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Nervous about nuclear war, Japanese civilians are installing tropical island-themed bunkers

Seiichiro Nishimoto, CEO of Shelter Co., poses wearing a gas mask at a model room for the companyÕs nuclear shelters in the basement of his house in Osaka
Be prepared. (Reuters/Kim Kyung-Hoon)
Published This article is more than 2 years old.

With nearby North Korea increasing its show of power day by day with missile launches and nuclear tests, people in Japan are preparing for the worst by building private nuclear shelters, Reuters reports.

In Japan, small companies offering custom-built underground nuclear shelters claim a boost in sales in recent weeks. Oribe Seiki Seisakusho, based in Kobe, western Japan, told Reuters it typically receive six shelter-building orders a year, but has received eight orders in April alone. Another company, Earth Shift, says it has received 10 times more inquiries for quotes this year.

The entrance of a Shelter Co.’s nuclear-shelter model room, in the basement of the company’s CEO Seiichiro Nishimoto’s house in Osaka, Japan. (Reuters/Kim Kyung-Hoon)

A Reuters photographer recently took a tour of Shelter Co.’s sales model, built in the Osaka home of the company’s CEO, Seiichiro Nishimoto. The air-tight basement features an anti-blast door, an anti-radiation air purifier, a tunnel exit, a Geiger counter, a television, gas masks, and other emergency supplies. Perhaps anticipating that residents confined underground would like to be reminded of a peaceful radiation-free world, the shelter’s ceiling is painted in bright blue skies, and has wallpaper depicting a tropical palm tree-lined beach. Nishimoto claimed in a 2009 interview with AFP that his business had seen a record number of sales in the days between the announcement and launch of a North Korean intercontinental ballistic missile over Japan at the time.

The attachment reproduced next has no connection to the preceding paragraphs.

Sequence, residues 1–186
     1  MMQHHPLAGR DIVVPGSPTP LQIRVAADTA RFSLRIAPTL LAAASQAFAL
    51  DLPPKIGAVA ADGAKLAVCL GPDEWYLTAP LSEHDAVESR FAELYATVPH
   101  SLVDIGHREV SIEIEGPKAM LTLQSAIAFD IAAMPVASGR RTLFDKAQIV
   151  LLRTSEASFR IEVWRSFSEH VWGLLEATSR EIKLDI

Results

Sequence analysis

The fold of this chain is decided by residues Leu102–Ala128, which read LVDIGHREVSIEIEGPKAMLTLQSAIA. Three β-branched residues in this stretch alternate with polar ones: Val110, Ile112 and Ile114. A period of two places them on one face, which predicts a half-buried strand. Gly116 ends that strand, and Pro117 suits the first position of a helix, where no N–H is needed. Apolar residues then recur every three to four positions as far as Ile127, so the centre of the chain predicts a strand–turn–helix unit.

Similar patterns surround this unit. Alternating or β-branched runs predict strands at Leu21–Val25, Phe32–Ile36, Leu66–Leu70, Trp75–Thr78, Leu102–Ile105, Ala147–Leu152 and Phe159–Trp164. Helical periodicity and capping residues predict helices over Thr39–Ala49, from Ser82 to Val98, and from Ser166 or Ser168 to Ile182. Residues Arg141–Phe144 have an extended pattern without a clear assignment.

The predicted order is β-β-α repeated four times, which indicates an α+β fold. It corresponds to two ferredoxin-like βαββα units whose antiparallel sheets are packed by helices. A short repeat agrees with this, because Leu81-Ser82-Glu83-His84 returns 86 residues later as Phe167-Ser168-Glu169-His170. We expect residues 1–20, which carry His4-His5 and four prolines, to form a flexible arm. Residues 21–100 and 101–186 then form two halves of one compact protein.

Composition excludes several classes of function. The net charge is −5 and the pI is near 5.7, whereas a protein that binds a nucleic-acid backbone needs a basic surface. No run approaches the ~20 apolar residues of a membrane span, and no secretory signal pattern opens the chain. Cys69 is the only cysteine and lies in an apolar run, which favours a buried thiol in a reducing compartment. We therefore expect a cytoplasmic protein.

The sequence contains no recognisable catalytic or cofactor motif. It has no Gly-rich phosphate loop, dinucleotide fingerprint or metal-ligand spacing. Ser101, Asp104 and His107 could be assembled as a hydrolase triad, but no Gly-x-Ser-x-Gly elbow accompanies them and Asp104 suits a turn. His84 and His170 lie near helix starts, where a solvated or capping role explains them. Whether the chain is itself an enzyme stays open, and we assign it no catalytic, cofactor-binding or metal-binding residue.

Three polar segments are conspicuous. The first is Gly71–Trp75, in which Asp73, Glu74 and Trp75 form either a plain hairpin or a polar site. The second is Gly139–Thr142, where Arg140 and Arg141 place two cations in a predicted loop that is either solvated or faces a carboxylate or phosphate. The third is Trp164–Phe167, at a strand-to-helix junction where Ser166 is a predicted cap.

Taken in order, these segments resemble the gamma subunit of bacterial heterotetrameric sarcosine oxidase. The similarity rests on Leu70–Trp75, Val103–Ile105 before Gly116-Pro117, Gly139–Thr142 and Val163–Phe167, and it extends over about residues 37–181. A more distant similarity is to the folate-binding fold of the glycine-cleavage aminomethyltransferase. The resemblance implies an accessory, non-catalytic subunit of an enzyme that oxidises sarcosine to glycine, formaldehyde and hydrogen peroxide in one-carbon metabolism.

Radiation-fighting air purifiers. (Reuters/Kim Kyung-Hoon)
Radiation-fighting air purifiers. (Reuters/Kim Kyung-Hoon)
Nishimoto demonstrates how to manually charge a radiation-fighting air purifier in case of power outage. (Reuters/Kim Kyung-Hoon)
The exit of Shelter Co.’s nuclear shelter sales model. (Reuters/Kim Kyung-Hoon)
Nishimoto’s Osaka home, where Shelter Co.’s nuclear shelter sales model is installed. (Reuters/Kim Kyung-Hoon)

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